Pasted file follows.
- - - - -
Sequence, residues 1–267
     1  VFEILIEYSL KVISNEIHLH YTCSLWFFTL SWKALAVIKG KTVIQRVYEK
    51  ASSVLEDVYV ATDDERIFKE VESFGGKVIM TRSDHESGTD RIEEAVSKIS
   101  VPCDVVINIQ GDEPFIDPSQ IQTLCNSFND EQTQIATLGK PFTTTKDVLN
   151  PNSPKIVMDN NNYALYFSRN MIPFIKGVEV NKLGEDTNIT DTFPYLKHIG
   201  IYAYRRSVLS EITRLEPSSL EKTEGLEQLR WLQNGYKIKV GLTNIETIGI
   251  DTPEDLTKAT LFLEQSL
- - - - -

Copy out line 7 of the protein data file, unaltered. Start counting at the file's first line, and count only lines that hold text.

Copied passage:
   251  DTPEDLTKAT LFLEQSL